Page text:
My brother and I conjured a swamp of black water,
filled it with saw-toothed specimens, upping the ante
of our basement games. Any trek downstairs
meant taking the treacherous route—the jump
from the fifth stair onto a small castaway table,
followed by the precarious placement of the left foot
onto the fruit cellar’s metal latch, arms reaching
to suspend from the door’s sagging boards, twisting
to vault onto the abandoned coal bin, stretching
to a ceiling pipe and dangling arm over arm
to the adjourning laundry room for a quick breather
while standing in the tub of the wringer washer.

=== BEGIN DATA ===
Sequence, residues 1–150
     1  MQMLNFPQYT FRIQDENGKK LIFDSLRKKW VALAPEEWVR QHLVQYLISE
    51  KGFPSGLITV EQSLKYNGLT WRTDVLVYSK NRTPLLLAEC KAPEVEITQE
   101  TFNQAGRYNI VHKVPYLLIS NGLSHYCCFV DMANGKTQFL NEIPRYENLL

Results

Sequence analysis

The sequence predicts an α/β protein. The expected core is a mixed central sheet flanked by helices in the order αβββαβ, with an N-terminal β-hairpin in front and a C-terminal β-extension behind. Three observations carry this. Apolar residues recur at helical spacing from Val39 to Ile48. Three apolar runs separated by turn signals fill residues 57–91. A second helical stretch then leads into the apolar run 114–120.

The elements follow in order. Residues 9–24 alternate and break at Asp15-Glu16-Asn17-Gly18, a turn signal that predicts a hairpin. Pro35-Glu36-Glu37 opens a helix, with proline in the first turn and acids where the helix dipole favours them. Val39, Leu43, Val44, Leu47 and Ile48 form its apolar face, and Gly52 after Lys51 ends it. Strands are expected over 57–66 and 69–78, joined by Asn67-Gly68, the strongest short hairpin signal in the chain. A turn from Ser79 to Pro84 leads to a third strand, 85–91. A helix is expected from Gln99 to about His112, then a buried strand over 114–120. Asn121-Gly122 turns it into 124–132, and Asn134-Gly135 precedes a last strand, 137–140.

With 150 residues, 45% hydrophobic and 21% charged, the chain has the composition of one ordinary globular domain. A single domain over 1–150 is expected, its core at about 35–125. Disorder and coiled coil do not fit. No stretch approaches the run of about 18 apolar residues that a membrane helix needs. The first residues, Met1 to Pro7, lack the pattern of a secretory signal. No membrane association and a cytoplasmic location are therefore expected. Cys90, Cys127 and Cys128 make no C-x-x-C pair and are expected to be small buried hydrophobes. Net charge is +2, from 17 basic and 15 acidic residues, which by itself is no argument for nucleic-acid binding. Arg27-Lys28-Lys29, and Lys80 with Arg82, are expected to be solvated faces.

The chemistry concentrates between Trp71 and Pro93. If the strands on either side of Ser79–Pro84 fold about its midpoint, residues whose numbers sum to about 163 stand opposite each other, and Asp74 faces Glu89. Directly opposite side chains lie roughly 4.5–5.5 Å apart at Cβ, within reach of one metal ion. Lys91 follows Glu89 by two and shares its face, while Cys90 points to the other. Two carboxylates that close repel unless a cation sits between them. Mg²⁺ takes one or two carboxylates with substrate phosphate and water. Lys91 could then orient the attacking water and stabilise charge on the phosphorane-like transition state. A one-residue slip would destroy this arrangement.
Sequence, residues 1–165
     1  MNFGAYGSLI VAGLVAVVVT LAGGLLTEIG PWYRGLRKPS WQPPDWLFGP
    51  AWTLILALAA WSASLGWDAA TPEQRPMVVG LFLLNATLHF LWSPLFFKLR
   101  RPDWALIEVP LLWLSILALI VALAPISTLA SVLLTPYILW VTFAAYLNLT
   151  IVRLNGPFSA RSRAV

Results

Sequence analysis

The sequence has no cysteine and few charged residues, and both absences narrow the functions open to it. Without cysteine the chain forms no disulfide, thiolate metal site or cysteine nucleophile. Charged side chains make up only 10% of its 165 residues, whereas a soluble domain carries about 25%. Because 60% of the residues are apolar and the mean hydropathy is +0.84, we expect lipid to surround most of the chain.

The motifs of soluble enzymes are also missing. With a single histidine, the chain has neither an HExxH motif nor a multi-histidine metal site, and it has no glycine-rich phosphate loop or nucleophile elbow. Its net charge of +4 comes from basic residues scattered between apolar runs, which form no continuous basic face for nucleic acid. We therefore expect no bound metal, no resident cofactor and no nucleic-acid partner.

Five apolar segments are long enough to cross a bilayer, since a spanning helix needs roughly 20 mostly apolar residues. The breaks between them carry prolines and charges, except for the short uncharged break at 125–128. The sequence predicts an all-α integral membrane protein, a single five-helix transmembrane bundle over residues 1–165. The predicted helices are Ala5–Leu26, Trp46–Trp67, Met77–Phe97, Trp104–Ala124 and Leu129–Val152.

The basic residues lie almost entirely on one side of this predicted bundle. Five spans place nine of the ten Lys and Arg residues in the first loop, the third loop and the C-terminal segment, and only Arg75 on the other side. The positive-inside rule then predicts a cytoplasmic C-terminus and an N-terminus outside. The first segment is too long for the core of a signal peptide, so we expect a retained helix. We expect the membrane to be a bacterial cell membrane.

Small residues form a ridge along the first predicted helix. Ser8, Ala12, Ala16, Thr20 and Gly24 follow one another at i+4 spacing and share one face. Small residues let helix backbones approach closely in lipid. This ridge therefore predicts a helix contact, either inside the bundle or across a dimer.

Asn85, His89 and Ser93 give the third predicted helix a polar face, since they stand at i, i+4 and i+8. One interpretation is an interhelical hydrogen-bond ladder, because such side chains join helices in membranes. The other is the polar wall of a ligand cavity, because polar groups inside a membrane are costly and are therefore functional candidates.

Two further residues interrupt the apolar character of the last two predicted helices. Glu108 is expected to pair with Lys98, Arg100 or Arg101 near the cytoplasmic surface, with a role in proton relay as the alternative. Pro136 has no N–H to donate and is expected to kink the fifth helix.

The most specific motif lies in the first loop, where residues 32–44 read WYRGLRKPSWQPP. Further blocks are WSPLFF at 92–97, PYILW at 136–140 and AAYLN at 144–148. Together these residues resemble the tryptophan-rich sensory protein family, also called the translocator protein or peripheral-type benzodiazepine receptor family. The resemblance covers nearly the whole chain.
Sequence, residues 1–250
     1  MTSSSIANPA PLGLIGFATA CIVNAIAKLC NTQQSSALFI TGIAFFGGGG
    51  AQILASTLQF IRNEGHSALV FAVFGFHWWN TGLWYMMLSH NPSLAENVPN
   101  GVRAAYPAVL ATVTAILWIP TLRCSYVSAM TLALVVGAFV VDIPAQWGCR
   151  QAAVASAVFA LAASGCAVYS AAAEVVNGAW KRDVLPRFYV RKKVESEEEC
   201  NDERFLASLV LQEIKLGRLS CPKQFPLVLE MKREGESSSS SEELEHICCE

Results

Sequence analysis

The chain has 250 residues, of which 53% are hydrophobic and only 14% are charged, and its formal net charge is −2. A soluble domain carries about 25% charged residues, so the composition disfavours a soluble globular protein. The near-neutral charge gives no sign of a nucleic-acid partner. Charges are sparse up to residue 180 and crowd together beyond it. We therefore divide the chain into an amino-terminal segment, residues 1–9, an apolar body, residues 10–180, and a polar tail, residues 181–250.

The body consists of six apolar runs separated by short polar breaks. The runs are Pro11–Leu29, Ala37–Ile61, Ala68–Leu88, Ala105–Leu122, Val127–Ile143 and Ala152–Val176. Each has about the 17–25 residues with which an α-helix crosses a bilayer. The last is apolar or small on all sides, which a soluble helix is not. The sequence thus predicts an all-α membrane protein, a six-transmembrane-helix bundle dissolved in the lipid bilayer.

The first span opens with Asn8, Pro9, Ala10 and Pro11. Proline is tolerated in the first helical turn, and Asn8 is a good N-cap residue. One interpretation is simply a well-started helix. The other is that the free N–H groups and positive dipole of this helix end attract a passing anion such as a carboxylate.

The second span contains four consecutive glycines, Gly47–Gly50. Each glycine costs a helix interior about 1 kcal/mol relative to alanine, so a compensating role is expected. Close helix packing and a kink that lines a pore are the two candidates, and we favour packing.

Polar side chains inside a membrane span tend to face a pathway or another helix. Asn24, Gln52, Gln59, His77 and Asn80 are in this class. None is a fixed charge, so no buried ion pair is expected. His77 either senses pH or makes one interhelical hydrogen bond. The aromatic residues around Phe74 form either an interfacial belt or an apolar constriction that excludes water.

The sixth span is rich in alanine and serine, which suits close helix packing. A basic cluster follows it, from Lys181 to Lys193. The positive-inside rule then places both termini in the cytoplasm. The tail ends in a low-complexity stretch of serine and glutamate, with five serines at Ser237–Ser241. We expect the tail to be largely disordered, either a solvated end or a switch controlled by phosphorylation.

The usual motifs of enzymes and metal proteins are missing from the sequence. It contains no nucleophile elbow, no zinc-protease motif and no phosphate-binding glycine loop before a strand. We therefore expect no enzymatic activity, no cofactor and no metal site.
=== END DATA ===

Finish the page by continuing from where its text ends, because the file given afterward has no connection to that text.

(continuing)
From there, we’d swing on clotheslines
out over the raging reptile pool with its vicious
inhabitants, a dozen mouths perpetually open
awaiting a feast of succulent humans,
and we’d balance atop a rusty file cabinet
filled with rattling bottles left by a previous
tenant, then make a leap to Safety Island—
the old couch at the far wall where we’d land
at last on mildewed upholstery,
take a fortifying breath for a catapult
to the outbound steps and passageway up
through angled cellar doors to the calm backyard.
Except on Monday, laundry day, there was no game.
The great Mother Monster, sister of Loch Ness,
took over that day, and all the alligators fled.